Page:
• Excluding fields for fetching. If an entity contains a blob/image/text field which contains for example megabytes of data, it can be pretty expensive to fetch these entities including that field into memory if you just want to read some other fields of the entity. It also sometimes isn't necessary to fetch all fields, say you just want the CustomerId and CompanyName fetched for a set of customer entities. We already had the facility that you could formulate a subset and then use a projection fetch to project the resultset onto an entity class (or other class), however when you fetched a graph (e.g. Customer, Order, Order Details, Product, Employee) in a prefetch path (eager loading), it was tricky, for example if a node deep in the graph required to have several fields excluded. We added a feature called 'Excluded fields' which allows you to define a set of fields which should be excluded for the fetch (or which should be the only fields fetched and the rest should be excluded) for every fetch performed by the framework, including for nodes in a graph to fetch. If you then later on decide to fetch the excluded field or fields into the existing entity, you can do that with a special fetch method which efficiently will fetch the excluded fields and will merge them into the existing entity objects.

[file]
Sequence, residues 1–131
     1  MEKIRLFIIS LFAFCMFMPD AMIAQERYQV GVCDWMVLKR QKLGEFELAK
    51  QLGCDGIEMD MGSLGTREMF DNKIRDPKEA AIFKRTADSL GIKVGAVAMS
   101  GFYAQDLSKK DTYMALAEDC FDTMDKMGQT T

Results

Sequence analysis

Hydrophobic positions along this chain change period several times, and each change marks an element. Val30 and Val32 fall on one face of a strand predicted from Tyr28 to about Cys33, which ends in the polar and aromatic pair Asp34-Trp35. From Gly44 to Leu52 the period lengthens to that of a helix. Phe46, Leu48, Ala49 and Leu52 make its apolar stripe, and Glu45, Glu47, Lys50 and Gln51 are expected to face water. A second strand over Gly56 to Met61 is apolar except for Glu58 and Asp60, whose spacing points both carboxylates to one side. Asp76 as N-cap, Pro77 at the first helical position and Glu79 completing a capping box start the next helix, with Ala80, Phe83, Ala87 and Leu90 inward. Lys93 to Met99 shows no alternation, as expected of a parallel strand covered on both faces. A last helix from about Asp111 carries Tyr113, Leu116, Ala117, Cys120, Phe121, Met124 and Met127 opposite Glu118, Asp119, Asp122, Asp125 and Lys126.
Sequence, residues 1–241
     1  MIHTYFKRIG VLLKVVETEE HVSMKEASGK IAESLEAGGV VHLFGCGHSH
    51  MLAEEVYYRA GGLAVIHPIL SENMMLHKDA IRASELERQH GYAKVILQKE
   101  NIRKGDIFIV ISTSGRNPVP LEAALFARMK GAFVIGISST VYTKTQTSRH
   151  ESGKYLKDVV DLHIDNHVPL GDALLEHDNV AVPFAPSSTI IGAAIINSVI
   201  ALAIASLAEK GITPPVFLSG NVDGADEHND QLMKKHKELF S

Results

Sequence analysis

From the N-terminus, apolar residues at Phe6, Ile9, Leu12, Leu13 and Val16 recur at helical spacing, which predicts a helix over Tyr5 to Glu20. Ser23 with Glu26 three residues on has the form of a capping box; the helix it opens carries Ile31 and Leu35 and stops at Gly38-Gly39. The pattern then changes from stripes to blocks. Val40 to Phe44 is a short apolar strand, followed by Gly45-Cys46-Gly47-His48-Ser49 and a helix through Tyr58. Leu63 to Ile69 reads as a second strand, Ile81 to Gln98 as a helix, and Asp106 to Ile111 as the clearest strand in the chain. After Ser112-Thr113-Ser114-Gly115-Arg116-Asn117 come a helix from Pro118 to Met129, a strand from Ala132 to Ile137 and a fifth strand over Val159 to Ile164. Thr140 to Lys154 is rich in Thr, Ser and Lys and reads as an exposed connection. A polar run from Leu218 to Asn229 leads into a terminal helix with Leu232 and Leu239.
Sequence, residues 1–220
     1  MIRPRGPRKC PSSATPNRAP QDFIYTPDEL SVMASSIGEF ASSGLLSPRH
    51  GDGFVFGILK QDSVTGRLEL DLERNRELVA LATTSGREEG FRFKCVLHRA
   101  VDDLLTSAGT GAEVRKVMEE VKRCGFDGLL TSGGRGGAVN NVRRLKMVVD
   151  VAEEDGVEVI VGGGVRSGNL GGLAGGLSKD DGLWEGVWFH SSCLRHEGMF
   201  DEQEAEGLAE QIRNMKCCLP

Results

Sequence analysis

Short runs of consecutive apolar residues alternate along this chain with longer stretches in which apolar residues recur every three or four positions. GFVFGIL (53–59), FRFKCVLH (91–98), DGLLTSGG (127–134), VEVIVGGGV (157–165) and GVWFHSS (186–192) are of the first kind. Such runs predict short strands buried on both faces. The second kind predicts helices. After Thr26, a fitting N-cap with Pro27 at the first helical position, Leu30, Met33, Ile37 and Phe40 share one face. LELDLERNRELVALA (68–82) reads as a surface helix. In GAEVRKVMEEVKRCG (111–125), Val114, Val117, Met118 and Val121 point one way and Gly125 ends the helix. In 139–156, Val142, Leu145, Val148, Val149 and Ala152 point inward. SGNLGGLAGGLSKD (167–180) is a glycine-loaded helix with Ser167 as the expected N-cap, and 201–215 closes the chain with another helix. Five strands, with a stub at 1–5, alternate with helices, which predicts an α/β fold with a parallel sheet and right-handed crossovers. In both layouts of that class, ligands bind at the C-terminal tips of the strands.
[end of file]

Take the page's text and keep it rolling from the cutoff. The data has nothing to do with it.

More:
• Sybase ASA and ASE support, SqlServer CE Desktop support. As usual we added a bunch of databases to the set of supported databases. This time we added the Sybase family of databases (iAnywhere (ASA) and Adaptive Server Enterprise (ASE)) and also SqlServer CE Desktop to the list of databases which can be used with LLBLGen Pro.

Interested in the full list of changes? Please download the documentation from http://www.llblgen.com and check the 'What's new in LLBLGen Pro v2.5' page.

LLBLGen Pro v2.5 is a free upgrade for v2.0 customers.